grep is a very simple command available on linux and OSX terminals which can do amazing things and can save a lot fo time. I was working on a Magento site this morning and on the checkout page I found the telephone field was using <input type="Number" ... while it should use <input type="text" ... or else phone number with dashes in them wont validate and customers wont be able to proceed with next step.

I was thinking of how can I find the file which have this code, those who of you are familiar with Magento knows that magento has a very organized file structure and hierarchies of templates, and different templates gets loaded based on active theme and layout xml files. So I have to find out all the occurrences of <input type="number" ... in the whole installation.

I knew I can use grep to do this. I instantly looked at the man page of grep and reviewed the available options and got what I needed.

The final command I wrote on the server’s terminal was

grep -R -i -n 'type="number"' public_html/app

-R tells grep to search recursively into that directory, -i is for ignore-case and -n finds and outputs the line number along with file name too. As soon as I ran that command it searched the whole app directory and came back with all the place where type="number" occurred with line number too. Then I just edited those files and the issue was fixed.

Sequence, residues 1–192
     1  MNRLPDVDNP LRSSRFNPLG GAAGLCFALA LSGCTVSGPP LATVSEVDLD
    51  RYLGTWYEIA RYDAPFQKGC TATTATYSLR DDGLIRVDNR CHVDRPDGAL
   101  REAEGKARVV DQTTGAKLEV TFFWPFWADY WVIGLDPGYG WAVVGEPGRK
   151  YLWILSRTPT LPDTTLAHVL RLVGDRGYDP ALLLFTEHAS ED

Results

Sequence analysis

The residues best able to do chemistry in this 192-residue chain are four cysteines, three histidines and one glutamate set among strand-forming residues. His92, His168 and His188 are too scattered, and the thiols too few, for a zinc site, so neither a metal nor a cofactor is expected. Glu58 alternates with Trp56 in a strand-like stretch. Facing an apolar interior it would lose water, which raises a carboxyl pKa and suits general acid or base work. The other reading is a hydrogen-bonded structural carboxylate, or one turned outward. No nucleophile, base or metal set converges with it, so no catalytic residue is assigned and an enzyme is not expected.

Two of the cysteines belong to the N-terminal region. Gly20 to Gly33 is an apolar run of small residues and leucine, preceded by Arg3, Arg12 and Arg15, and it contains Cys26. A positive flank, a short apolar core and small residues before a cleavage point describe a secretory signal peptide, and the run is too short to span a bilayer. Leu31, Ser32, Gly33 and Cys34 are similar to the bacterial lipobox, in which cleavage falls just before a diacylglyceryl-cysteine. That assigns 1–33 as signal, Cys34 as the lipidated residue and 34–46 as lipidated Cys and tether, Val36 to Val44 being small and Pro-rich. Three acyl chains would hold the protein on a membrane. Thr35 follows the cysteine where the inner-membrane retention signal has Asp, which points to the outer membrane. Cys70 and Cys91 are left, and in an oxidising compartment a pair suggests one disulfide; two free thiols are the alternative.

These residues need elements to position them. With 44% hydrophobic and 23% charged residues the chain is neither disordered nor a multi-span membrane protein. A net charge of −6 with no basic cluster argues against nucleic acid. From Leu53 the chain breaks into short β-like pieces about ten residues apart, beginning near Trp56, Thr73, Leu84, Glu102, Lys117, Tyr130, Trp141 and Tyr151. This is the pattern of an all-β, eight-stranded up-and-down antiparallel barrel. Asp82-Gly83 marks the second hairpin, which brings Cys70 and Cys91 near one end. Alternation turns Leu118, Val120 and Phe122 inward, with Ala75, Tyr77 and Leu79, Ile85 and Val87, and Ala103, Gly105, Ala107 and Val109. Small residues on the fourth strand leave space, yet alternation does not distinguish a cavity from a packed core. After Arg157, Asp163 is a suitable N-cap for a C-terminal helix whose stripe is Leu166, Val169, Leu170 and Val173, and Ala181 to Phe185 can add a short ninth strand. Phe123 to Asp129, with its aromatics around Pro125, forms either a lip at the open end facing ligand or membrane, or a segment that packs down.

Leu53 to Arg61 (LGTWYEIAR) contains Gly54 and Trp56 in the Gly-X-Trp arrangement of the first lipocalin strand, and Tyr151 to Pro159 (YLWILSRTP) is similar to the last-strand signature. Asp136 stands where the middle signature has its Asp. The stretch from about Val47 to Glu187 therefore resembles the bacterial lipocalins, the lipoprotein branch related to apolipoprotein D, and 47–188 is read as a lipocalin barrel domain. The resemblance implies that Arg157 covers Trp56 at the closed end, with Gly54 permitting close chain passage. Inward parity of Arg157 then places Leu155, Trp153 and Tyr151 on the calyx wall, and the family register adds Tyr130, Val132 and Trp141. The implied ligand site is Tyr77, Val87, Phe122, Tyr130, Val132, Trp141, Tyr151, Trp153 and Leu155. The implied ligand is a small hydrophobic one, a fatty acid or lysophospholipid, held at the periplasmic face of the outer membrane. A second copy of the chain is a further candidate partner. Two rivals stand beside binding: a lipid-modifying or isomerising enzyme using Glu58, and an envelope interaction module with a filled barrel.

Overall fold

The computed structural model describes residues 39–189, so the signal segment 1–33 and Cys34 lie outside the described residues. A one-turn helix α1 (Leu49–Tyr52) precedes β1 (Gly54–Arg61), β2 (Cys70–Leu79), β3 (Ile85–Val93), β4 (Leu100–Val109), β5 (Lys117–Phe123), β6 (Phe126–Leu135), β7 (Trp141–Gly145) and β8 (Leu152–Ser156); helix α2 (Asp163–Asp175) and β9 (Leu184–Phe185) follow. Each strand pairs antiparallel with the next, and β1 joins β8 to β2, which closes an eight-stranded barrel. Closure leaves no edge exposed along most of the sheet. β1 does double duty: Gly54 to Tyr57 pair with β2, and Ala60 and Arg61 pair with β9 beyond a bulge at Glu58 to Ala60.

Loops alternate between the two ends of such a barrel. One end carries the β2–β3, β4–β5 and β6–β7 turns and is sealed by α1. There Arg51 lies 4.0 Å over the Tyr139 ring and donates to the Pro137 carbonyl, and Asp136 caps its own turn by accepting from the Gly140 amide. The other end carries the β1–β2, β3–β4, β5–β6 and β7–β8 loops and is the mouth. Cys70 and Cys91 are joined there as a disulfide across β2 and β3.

What took me several minutes would have taken hours to search and find those files manually. Thats one of many benefits of using command line. And you can do pretty amazing things using/combining only a handful of commands.

Taking a Magento Site Into Maintenance Mode for Everyone Except You

Magento takes a dead simple approach for activating the maintanence mode for any site using it. You just get into servers’s terminal via ssh , cd into the magento root folder and run the following command touch maintenance.flag or just crate a file named maintenance.flag in the root of the your magento installation and voila, you will see the maintenance mode message when you visit your store now.

Now Its locked for everyone, but say you are updating somethings on the site and you would like to check how thats affecting the look of the store but you dont want anyone to view it before getting done. Fortunately thas easy too.

How to Highlight the Search Term in Results in an Android App

Few months ago I created an Android app Al-Quran Bangla Mormobani in several days with a quick deadline, so couldn’t add much features to it. One such feature was the search terms were not highlighted in the results view so users couldn’t use it effectively for reference. I got several requests from the users asking for this features. Few days ago I had couple of hours free to look into it and after searching for a while found a solution.